Tuesday, March 5, 2019

Udayana’s Arguments for the Existence of God (Nyaya Kusumanjali. 5)

The Nyaya Sutras was composed by Aksapada Gautama, probably in the 6th c. BC. Nyaya Sutra 1.6.32 states the parts (avyava) of a deduction (nigmana) in the aphorism:

PratijnaHetUdaharanOpanayNigmanAanyavyavaha

which unfolds as:
1. Pratijna - Claim or proposition (conjecture) that needs to be established (1.6.33)
2. Hetu - Reason (1.6.34)
3. Udaharana (Drstanta)- Empirical support (negative or positive case examples) (1.6.35,36)
4. Upanaya - Application (1.6.37)
5. Nigmana - Conclusion or deduction (restatement of claim) (1.6.38)

Example:
1. Pratijna Claim: The hill (full of trees (wood)) is on fire
2. Hetu Reason: Because I see smoke over it.
3. Udaharana Example: On a hearth (burning wood), fire and smoke are always seen together; but, never in a lake (without wood).
4. Upanaya Application: The smoke on the hill is like the smoke on the hearth, not like vapor over a lake.
5. Nigmana Deduction: Therefore, the hill is on fire

The Nyaya syllogism provides a relatively sufficient form for arguing from an effect to its cause. This is not sufficiently possible with either the hypothetical or the categorical syllogism. For instance,

If there is smoke, there must be fire.
There is smoke
Therefore, there must be fire.

If the hypothetical premise is assuming a causal relation, then granting priority (antecedence) to a causally consequent term (here, smoke) is problematic to the content of the form. It poses an informal problem. The logical positioning should give the causal term priority over the agented (effect). Thus,

If there is fire, there is smoke
There is fire
Therefore, there is smoke

OR

If there is fire, there is smoke
There is no smoke
Therefore, there is no fire

The syllogisms are valid and the conditional order in the premise is correct (fire is the condition for smoke, and not vice versa). The hypothetical syllogism cannot facilitate an argument from the effect back to the cause. Even granted the categorical limit of say “smoke can only be produced by fire”, it cannot be incorporated into a hypothetical syllogism.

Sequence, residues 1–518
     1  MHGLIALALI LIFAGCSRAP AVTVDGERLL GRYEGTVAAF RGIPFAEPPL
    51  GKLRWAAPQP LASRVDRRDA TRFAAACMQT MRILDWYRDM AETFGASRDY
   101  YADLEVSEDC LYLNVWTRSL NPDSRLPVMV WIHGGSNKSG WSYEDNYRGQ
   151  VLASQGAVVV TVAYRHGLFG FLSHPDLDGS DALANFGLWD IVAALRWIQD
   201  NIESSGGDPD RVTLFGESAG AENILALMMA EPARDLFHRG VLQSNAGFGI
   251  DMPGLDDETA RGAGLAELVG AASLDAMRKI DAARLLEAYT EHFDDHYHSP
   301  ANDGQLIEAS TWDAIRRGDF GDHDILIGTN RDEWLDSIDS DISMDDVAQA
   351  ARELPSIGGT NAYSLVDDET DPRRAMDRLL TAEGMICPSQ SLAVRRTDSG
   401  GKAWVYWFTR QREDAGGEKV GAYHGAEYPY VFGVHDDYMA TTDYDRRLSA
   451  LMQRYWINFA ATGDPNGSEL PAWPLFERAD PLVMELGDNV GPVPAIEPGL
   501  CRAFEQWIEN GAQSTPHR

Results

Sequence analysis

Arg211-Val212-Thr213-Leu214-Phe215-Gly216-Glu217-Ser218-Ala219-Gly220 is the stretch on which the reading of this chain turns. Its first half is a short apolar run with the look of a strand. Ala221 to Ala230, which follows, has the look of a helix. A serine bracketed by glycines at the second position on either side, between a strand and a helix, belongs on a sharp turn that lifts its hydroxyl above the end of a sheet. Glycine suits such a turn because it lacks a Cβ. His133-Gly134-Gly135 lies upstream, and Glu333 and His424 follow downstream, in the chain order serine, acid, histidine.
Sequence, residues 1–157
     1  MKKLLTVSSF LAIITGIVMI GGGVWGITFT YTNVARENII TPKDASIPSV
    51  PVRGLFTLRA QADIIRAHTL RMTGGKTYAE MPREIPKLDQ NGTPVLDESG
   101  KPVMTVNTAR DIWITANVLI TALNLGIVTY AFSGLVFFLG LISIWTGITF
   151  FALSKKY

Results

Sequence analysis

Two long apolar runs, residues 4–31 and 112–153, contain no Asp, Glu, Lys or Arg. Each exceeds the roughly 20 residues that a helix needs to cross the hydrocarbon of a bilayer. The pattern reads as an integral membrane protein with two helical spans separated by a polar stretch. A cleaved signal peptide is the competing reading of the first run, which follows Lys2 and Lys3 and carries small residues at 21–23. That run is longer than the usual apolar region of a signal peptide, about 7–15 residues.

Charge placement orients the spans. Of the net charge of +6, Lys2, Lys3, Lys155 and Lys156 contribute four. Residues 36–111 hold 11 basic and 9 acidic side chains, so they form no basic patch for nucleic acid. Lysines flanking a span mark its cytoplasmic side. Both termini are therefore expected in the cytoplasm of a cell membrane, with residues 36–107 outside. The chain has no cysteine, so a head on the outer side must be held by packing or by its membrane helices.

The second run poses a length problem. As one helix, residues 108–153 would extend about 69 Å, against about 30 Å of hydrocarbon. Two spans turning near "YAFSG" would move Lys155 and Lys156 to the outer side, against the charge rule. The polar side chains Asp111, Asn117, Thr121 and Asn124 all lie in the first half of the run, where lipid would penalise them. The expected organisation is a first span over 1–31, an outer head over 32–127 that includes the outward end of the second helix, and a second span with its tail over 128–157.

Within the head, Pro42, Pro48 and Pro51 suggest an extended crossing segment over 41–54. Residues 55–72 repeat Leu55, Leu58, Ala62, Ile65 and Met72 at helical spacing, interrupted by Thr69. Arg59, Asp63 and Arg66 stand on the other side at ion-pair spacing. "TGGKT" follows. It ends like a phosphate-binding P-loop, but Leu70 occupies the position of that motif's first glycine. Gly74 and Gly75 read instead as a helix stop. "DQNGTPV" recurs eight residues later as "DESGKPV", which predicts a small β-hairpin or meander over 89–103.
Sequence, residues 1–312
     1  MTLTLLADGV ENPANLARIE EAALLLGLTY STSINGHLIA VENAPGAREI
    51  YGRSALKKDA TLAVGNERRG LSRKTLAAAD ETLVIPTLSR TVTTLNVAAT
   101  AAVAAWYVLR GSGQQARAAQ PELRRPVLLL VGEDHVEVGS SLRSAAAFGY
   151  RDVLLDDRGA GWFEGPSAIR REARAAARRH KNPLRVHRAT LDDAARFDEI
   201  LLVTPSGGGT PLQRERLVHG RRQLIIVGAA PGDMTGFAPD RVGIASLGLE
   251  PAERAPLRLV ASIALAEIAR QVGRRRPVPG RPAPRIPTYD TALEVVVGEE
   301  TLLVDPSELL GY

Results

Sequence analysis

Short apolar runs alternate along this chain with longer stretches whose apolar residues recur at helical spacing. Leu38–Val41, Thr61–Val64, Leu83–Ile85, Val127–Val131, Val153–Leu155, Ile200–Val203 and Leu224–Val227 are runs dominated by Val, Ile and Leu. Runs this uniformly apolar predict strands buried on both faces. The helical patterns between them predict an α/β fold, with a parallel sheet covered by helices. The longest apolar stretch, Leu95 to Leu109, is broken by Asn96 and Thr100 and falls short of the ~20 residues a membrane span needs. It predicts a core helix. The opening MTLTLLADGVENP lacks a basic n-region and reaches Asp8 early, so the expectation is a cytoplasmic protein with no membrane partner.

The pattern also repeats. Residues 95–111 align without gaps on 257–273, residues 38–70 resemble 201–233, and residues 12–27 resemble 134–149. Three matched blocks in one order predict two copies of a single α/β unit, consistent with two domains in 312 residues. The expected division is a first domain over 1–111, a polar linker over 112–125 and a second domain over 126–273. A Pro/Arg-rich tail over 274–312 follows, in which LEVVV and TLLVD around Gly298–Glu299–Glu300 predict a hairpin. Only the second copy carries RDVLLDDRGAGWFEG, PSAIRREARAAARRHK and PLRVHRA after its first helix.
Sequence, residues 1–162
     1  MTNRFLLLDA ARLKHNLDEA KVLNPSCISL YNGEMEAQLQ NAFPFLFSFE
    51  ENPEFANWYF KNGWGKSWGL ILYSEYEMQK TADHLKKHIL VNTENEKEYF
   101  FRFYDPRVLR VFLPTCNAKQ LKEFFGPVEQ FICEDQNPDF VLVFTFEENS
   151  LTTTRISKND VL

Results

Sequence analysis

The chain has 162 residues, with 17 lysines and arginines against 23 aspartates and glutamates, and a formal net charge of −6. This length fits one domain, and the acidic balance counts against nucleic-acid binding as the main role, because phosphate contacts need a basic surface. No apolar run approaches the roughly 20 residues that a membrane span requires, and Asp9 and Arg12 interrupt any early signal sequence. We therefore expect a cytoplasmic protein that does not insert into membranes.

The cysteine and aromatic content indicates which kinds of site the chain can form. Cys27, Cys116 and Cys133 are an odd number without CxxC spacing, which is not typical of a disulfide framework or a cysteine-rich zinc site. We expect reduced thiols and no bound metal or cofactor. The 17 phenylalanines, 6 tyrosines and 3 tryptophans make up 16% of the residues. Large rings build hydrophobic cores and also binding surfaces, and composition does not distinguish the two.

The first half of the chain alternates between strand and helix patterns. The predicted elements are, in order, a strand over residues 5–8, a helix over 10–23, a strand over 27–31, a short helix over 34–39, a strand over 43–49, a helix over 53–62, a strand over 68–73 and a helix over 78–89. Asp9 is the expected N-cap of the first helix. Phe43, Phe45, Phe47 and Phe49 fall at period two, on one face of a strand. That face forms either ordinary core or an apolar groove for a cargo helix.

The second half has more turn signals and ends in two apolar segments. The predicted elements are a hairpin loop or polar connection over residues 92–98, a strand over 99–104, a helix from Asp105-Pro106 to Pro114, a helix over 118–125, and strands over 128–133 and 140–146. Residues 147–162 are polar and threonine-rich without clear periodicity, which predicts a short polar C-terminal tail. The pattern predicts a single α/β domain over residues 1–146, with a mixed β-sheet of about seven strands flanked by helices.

Smoke can only be produced by fire.
Then,

If there is fire, there is smoke.
There is smoke.
Therefore, there is fire

OR

If there is smoke, there is fire.
There is smoke.
Therefore, there is fire.

The first one is invalid and the second one is valid; however, given the causal exclusivity of the hypothetical relation, the rules may be regarded as non-applicable to this exception. It, then, does indicate the insufficiency of the syllogism.

Let’s see if the categorical provides a way out.

All that is smoky is fiery
The hill is smoky
Therefore, the hill is fiery

OR
Every smoke effect has a fire cause
The hill has smoke effect
Therefore, the hill has fire cause

The conclusion necessarily follows from the premises since the syllogism is self-contained. In other words, one is not required to go beyond the syllogism to verify the conclusion once the major and minor premises are assumed to be true. The syllogism, unlike the Nyaya syllogism, does not practically explain why one thinks the effect observed on the hill is smoke and why one needs to connect smoke with fire. It, therefore, does not have the sufficient steps required for a self-contained argument from effect to cause. For instance,

Every effect has a cause
The universe is an effect
Therefore, the universe has a cause.

One will need to go beyond the syllogism to prove both the premises, especially the minor “the universe is an effect”. Why not consider the universe as the cause of the uncaused, given its “universal” status? Other syllogisms, therefore, will need to be used in order to support this syllogism. It is not sufficient by itself.